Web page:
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The Brutalities of Mr. Punch

A puppet booth with two puppets in the window.

A traditional Punch and Judy booth, at Swanage, Dorset, England by ALoan via Wikimedia Commons, the free media repository.

Imagine coming home and hearing the screams of your neighbors. You hear the cries of a baby as you peek through your curtains. Suddenly your neighbor appears holding out a large stick and begins beating his wife and baby mercilessly, laughing and cackling cruelly with each blow. A short while later, you see a policeman knock at the door. The man answers, and you hold your breath. There is a loud whack, and the policeman falls to the ground dead. You are so shocked you don’t notice the second policeman, who takes a shot at the man. There is another whack, and he is dead, too. A moment later, you hear a burning inferno as the devil himself arrives, ready to take the man to hell for his crimes. You know the man is in for it, but then—whack!—the devil, too, is thwarted. The man stands over him, squeaking hysterically with a high-pitched giggle. This is a familiar scene from the life of Mr. Punch, a small sixteenth century Italian puppet whose wickedness and violence has been a source of controversy—as well as hilarity—for millions. Over the centuries, the Mr Punch puppet has been accused of creating scenes of domestic violence, promoting racist undertones, and having the potential to upset vulnerable children. Despite this blatant controversy, the king of misrule has managed to survive and evade becoming obsolete. What is it about Punch’s character that has allowed him to keep his crown?

Pietro Gimonde, an Italian puppeteer, introduced Punch, also known as Policinella, to British audiences during the sixteenth century. The small puppet is witty, charming, and often violent. He is often depicted with clown-like features, a large hooked red nose, an unsettling smile, and the colorful attire of a court jester. He can be seen whipping his battered wife, Judy, with a slapstick and dropping his baby in a meat grinder, and Punch gets away with it every time. He became a popular symbol of anarchy and mischief among the working classes. Punch was seen as a rebel who broke the mold of social hierarchy and stood up for individual freedom. His persona and his comical appearance could draw a large crowd and encourage audience participation. To this day, Punch is recognized as a cultural icon and the king of puppets.

But Punch’s reputation is also controversial. Over the years, concerned parents, schools, and commentators have argued that the violent content of a Punch and Judy show isn’t appropriate for children and that it needs to be adapted for a modern audience or removed completely. Even Good Morning Britain has taken up the question of Is Punch and Judy Outdated?” While some Punch and Judy puppeteers have adapted their shows to be less violent, performers like Brian Llewellyn refuse to change their Punch and Judy shows. They say that they value the traditions and essence of Punch's character, but what exactly is the essence of Punch?

Is Puppet Violence Real?

My first experience of Punch was in Punch and Judy, a 1966 stop-motion short film by Czech animator Jan Svankmajer. In the film, Punch is quarreling with another puppet over the custody of a live guinea pig. The puppets fight to the death, ripping each other apart until they both collapse inside a coffin. Their fight is brutal, reminding the viewer of how ruthless humans can be when money and sacred objects (guinea pigs) are involved.

Puppets can reach beyond mere children’s entertainment to teach us something about our own moral codes and virtues.

Punch is a symbolically violent character, and this violence speaks to the anarchic and brutal side of human nature. Julian Crouch from Improbable Theatre describes violence on stage as the theatrical metaphor for conflict. It's not real violence; it’s symbolic of the emotional tension people feel when confronting opposition. The puppets are acting out a universal pattern of human behavior, one that feels timeless and familiar to us. One could frame the conflict as an economic struggle as the two characters fight over who should own and profit from the guinea pig. Or perhaps the conflict is cultural, and the guinea pig could represent a victim who the two characters are trying to “save.” In either case, the symbolic imagery of the guinea pig subverts what might seem like violence.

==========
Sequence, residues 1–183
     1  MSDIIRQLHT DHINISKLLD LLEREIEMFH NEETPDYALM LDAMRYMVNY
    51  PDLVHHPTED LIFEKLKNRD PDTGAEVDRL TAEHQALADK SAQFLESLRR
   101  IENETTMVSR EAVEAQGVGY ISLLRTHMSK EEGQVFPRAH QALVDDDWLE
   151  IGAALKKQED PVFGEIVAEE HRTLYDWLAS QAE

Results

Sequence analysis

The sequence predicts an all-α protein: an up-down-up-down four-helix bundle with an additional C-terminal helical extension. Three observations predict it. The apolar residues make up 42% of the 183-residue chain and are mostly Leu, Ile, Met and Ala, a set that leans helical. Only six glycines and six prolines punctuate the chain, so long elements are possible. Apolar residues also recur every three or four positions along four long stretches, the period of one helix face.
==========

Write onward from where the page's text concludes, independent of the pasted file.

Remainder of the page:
In the film, the violence is whimsical and childlike. For example, Mr. Punch's hammer makes a gentle and almost pleasant “glock” sound as it comes down over his opponent's head. Towards the end of the film, the puppets rip each other apart, breaking noses and chipping paint—but there is no blood. The viewer knows the puppets aren’t real and are only made of papier mâché. Svankmajer deliberately shows the puppeteer’s hands, further exposing the illusion and conveying that the puppets and the violence are manifestations of our own imagination.

Jan Svankmajer has used the archetypal character of Punch to explore universal moral and political issues that have relevance in today’s political and social climate. He emphasizes symbolic violence as a tool to express confrontation, showing us that puppets can reach beyond mere children’s entertainment to teach us something about our own moral codes and virtues.

A single puppet with an accordion, staring straight ahead.

Pája Neuhöferová as the Trickster in The Wild Card by Quirk Collective at the Bats Theatre 2021. Photo by Ali Little.

Jordan Wolfson’s Colored Sculpture was another kind of Punch puppet that offers a critique on violence. Colored Sculpture was a giant, animatronic, Pinocchio-like puppet that was suspended from the ceiling of Tate Modern by chains in a 2016 exhibition. Its operator controlled the arms and legs of the puppet, dropping and dragging it horrifically around the room. Its face and body were covered in scrapes as evidence of its brutal treatment. Its face had a vengeful expression, and it was programmed to continuously look at the audience, making its presence unsettling and uncanny. Wolfson is known for using puppets to expose humanity’s basest impulses, and this piece made its audience uncomfortable. Even though viewers knew that the Colored Sculpture was an unfeeling object, many had a visceral and bodily reaction to the puppet’s torture.